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Themesicon: navigation pathGenerative Toolsicon: navigation pathComputer Art

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re-assessment of ideas on computer art: reactions in ‹real time.› The complexity of switching, by using tactile and visual sensors, serves not just to control and trigger certain functions. In his description from 1990, it is seen that the system possesses two functional modes. In one of them, the machine alone decides what type of interaction, from among the range of possible sequences, will be running. In the other mode, there is a human ‹teammate,› an ‹operator› who takes control. The computer is used as a switch in this mode of operation, but in the first mode, the complexity of the human reaction is determined and interpreted within an environment of a group of machines. The second mode was exclusively a transition phase for Krueger in 1990 until the technology was so far developed that complex ways of integration became possible through the use of the machine alone.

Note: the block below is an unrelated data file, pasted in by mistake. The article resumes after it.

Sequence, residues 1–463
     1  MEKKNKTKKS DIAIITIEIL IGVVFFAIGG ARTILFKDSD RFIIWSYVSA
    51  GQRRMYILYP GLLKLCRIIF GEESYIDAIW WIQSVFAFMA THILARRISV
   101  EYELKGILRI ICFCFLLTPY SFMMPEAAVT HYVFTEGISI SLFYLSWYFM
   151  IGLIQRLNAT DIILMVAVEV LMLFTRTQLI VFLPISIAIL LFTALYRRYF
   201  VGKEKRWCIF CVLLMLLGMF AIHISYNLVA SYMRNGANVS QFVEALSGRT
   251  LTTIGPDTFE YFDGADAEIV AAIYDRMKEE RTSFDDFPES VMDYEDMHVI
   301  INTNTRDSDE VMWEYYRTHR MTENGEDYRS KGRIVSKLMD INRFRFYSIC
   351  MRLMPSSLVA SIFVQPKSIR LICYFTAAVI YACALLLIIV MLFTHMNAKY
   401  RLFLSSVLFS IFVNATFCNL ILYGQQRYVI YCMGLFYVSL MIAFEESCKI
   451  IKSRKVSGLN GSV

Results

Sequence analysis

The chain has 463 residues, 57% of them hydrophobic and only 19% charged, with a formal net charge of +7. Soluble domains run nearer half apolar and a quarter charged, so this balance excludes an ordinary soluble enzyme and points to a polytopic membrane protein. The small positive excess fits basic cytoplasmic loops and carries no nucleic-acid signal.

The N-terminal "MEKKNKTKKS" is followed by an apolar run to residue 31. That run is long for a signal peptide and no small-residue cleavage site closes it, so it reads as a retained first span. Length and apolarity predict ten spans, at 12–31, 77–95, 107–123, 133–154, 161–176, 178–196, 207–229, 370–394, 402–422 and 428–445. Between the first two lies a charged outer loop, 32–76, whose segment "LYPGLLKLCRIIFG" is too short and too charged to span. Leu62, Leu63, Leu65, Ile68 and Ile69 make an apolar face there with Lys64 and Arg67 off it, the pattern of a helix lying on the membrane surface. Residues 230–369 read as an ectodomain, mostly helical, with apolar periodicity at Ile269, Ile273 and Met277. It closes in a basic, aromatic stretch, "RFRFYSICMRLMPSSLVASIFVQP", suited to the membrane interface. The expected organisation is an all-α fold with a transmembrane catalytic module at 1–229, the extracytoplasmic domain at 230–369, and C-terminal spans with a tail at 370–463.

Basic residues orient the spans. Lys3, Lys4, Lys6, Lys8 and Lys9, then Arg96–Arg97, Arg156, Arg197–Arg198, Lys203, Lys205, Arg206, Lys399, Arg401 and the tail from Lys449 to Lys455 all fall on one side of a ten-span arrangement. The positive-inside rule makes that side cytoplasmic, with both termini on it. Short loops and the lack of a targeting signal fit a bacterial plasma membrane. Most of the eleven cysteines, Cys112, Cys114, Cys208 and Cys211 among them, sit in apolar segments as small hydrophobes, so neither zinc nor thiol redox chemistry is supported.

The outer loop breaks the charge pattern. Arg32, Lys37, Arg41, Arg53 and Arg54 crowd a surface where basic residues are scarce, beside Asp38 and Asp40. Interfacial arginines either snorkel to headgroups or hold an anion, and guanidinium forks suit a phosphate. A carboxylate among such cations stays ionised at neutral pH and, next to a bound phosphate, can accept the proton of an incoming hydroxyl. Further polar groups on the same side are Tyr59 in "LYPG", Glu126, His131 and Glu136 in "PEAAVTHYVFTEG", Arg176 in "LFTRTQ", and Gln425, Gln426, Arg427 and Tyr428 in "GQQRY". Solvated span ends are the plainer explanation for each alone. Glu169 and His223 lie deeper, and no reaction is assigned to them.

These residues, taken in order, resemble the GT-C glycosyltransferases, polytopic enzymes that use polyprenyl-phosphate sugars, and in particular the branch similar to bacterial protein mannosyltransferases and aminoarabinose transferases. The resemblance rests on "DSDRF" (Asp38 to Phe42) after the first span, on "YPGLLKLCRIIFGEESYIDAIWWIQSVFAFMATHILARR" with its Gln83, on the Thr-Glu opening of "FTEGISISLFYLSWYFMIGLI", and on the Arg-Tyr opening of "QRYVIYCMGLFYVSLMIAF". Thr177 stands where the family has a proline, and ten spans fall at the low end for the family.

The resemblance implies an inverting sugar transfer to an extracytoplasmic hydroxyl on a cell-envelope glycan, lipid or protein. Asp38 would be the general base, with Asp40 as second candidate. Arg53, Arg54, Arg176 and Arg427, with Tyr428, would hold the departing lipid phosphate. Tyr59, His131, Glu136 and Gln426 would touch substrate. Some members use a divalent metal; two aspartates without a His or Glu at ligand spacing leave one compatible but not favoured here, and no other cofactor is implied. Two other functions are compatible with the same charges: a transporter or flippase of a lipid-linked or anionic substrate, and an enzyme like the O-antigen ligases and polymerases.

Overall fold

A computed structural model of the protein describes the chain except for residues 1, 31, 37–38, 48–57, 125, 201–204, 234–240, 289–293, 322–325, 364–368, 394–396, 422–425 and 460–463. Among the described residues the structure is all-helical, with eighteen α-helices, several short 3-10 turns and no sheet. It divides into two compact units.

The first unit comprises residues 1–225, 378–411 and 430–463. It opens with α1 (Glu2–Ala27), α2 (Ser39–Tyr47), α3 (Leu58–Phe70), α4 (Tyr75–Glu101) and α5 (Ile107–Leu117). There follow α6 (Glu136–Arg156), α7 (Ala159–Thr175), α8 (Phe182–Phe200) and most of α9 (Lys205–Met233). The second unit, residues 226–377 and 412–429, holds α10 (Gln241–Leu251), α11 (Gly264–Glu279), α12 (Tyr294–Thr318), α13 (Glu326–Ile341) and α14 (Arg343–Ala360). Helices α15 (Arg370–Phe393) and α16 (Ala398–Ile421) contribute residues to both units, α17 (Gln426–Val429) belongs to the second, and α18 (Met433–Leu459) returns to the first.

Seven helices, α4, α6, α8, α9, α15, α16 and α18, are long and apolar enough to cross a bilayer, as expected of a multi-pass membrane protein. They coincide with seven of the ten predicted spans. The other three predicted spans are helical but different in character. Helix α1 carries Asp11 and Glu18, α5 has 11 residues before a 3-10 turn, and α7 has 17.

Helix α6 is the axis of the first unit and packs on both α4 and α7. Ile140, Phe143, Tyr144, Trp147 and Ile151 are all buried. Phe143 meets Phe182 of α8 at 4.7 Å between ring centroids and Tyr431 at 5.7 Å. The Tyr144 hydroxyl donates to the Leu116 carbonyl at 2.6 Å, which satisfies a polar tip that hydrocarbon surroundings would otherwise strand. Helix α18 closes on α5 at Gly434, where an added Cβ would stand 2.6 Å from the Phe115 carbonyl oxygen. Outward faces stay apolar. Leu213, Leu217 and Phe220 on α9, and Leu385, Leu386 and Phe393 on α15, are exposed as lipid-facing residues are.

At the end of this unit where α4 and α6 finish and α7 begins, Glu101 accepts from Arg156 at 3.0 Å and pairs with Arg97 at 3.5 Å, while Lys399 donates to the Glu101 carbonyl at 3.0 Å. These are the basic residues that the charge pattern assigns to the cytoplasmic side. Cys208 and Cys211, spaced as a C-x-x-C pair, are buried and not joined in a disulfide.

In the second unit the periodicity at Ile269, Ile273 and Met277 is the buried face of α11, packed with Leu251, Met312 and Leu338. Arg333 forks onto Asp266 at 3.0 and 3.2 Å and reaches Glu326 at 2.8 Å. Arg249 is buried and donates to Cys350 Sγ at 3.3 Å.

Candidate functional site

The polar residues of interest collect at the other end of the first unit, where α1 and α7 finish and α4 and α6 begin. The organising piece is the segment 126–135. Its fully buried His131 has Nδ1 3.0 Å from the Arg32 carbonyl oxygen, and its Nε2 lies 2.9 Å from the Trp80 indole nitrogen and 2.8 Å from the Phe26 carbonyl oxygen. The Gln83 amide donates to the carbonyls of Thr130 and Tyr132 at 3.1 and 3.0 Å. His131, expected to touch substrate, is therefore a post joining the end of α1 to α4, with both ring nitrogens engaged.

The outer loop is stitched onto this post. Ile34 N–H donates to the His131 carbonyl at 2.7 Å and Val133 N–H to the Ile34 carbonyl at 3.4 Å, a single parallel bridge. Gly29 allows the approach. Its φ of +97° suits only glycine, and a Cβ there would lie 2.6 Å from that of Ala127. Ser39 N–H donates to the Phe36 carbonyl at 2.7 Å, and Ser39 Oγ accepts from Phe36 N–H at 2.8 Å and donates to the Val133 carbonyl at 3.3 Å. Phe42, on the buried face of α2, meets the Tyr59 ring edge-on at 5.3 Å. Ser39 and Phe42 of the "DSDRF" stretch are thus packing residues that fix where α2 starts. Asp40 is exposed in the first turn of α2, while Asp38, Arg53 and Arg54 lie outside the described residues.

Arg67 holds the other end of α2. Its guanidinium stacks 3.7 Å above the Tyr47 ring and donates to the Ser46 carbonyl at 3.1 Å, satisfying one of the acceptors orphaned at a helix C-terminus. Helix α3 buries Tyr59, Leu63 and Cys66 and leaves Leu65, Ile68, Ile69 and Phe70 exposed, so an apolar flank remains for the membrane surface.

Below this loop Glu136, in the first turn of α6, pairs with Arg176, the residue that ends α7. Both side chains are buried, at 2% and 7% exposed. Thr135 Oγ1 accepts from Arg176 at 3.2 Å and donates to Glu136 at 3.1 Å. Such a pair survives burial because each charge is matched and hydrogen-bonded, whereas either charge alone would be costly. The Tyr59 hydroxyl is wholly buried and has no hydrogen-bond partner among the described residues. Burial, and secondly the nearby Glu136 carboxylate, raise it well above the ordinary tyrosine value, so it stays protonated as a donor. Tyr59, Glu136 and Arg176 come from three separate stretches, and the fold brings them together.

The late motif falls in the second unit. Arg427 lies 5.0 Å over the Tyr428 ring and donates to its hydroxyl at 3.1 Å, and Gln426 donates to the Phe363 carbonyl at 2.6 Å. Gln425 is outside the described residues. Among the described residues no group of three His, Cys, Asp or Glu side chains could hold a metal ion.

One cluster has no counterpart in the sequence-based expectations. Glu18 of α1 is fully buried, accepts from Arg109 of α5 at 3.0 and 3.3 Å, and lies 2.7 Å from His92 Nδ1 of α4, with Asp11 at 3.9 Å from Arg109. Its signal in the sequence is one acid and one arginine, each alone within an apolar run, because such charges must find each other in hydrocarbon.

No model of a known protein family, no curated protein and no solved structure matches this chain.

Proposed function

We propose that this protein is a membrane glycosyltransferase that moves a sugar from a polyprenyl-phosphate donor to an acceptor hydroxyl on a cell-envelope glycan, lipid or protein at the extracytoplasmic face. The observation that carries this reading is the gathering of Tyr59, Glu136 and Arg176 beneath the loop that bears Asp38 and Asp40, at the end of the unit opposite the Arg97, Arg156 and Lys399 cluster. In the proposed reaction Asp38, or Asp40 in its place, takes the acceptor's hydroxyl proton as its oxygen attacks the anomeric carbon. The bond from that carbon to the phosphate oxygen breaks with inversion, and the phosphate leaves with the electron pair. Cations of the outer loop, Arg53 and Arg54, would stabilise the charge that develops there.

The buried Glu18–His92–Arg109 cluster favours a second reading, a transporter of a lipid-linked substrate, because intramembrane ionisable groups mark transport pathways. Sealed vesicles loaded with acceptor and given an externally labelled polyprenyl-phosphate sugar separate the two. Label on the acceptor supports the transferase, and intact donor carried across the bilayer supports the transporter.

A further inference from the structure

C. Software Art – Computer Art

Now, in a third phase, are we experiencing a renaissance of computer art as software art? [53] Will it once again be the art of the programmer that will be


fed back into a contemporaneously developed idea of artistic creation on the basis of a code at the festivals of activist artistic activity? There is again less of an impetus coming from art academies than from other professions, such as software development (Antoine Schmitt), and media layout and design (W. Bradford Paley). This connection possesses an Archimedean point in the movement related to free software, which has had the greatest influence on the present-day scene of the artist-programmer. [54] Along with this, there have been accompanying debates over copyrights, concepts of artwork, the role of the artist, and software code and how these relate to the legal system and the arts. With all these other concerns, the computer art scene also has a political and critical element, which has become the main theme of the software developed by Adrian Ward, for example. The works presented here share a conceptual aspect which can clarify where the differences with the earlier works reside. [55] In contrast to the works of Nees and Krueger, both works show a high degree of self-referencing. In these works, which do not simply rely on pseudo-random generated graphics, the degree

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